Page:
Ann Beattie’s intimate, observational prose made her a unique voice for the baby boomers of the 1970’s and 80’s. Her narratives often explore the subtle struggle of her main characters – how they reconcile their bleak home lives with their complex, sometimes paradoxical personal beliefs, desires, and fantasies. “Janus,” published in 1985, is Beattie at her best. It explores the inner life of a young woman, Andrea, and her superstitious attachment to an object.
Andrea is a very successful real estate agent, and she attributes her success to an understated decorative bowl. Not publicly, though. Andrea hasn’t told anyone about this good luck charm, not even her husband. When she hopes to make a sale, she shows up to a house early and places the bowl in flattering, strategic positions. Its strange beauty captures people’s attention without fail.
The bowl is more than just a talisman of good fortune, however. To Andrea, it is something that she actually loves. She develops a relationship with the bowl – she questions this relationship, but recognizes it all the same. There is a relationship between them. Her attachment reaches such heights that she begins to feel a pervading sense of anxiety: what if the bowl should be destroyed?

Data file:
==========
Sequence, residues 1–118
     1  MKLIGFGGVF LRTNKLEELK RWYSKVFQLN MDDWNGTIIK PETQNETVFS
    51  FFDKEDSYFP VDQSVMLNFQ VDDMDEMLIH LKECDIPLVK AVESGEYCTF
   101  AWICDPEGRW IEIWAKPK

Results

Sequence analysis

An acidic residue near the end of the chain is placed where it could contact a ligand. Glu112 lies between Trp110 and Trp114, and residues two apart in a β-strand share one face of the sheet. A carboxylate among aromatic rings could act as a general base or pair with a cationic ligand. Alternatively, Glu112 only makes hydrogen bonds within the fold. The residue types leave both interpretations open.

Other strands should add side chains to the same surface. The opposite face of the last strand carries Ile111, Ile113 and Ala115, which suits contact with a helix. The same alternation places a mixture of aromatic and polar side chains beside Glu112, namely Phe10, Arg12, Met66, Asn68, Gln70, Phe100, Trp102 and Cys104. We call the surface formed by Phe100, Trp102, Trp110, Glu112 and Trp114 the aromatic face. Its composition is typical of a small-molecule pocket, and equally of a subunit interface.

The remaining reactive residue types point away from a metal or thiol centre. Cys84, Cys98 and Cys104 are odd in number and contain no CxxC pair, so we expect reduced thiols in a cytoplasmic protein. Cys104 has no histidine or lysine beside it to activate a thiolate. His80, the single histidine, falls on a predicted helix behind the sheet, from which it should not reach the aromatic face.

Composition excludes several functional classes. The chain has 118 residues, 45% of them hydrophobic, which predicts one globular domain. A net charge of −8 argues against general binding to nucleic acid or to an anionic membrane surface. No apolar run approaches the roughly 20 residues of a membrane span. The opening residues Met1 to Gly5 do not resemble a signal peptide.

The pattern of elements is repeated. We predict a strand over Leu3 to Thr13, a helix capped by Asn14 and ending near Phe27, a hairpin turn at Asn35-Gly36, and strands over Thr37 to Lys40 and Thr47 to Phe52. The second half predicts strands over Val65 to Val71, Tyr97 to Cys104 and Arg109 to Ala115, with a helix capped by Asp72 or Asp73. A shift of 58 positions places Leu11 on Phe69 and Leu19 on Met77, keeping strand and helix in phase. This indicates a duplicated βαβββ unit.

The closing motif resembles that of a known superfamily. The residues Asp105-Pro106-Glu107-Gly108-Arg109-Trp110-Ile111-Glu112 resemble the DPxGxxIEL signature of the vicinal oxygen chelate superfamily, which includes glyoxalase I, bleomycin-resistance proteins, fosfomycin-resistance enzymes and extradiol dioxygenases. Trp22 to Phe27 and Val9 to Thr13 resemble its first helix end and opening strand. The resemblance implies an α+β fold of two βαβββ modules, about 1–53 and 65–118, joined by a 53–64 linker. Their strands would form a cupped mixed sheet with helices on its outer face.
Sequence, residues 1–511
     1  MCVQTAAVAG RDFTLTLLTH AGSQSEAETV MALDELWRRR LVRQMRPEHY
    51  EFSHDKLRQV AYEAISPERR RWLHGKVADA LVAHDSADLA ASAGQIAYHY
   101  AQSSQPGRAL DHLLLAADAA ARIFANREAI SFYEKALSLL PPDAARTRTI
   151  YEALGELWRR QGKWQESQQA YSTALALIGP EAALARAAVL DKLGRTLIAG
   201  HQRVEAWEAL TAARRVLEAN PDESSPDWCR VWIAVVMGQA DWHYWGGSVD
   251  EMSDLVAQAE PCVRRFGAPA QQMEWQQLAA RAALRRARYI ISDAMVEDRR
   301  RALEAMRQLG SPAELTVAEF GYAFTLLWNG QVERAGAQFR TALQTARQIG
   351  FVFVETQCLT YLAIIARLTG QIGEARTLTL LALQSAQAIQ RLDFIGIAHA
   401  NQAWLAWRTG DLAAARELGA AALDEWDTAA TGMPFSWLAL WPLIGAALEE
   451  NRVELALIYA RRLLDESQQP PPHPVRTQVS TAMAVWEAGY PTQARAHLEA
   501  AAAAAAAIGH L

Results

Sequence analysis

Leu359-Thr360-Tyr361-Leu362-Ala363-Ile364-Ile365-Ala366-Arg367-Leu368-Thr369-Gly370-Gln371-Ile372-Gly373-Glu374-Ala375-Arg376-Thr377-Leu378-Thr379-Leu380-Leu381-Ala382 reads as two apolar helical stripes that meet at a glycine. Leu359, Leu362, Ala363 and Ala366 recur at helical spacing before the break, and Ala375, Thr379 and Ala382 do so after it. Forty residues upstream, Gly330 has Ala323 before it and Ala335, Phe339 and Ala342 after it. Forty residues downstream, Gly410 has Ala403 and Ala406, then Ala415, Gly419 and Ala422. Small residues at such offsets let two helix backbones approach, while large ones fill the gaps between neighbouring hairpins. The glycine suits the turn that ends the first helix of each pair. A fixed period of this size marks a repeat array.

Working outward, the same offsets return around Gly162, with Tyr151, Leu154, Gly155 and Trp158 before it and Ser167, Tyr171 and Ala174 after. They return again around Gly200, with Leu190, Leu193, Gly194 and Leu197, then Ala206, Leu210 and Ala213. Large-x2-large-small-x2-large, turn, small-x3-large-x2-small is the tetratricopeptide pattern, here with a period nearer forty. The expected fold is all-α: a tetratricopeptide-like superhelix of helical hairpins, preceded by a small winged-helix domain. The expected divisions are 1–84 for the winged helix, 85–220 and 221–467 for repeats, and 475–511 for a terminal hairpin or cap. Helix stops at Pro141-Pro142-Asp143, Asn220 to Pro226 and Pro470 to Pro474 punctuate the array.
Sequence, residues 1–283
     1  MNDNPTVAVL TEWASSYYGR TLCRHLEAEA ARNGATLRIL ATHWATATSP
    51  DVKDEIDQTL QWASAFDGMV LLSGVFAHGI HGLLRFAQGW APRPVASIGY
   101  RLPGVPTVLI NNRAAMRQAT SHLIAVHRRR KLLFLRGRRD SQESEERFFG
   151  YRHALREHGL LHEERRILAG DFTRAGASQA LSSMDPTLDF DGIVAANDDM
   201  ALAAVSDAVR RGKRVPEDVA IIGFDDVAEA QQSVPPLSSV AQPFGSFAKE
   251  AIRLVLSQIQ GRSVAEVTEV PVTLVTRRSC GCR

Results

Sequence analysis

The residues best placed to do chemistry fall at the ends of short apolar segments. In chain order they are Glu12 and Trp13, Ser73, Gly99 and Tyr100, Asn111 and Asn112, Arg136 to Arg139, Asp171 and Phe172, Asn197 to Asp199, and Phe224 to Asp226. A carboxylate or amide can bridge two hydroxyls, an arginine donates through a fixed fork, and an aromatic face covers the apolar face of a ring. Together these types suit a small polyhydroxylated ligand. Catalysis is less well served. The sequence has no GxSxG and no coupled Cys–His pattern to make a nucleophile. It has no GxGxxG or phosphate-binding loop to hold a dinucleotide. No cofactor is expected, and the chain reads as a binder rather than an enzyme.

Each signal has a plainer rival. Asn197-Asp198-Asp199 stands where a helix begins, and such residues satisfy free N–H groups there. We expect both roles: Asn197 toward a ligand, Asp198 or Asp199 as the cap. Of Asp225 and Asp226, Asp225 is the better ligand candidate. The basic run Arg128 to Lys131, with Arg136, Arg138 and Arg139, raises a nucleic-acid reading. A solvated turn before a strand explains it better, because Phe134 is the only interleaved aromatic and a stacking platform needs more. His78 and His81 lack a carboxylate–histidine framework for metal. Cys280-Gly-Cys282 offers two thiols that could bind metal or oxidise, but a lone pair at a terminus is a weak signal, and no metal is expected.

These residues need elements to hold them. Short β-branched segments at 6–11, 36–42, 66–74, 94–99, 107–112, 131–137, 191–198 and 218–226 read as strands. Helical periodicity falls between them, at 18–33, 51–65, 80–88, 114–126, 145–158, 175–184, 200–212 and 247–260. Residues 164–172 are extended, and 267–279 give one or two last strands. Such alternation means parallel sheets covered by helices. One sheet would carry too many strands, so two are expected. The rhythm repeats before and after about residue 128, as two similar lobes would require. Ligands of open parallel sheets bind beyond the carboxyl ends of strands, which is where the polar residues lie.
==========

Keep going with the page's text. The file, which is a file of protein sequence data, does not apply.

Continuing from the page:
Typical with Beattie’s stories, we find ourselves propelled to the very final page before the revelation is complete. We at WordTheatre feel very lucky that this remarkable author will be joining us at The Microsoft Lounge on September 20th for a hand-picked performance of some of her most powerful works. After the main event, there will be a Q&A and book signing.
“Janus” can be enjoyed in full here. Ann Beattie’s most recent book, The New Yorker Stories, is available through Scribner.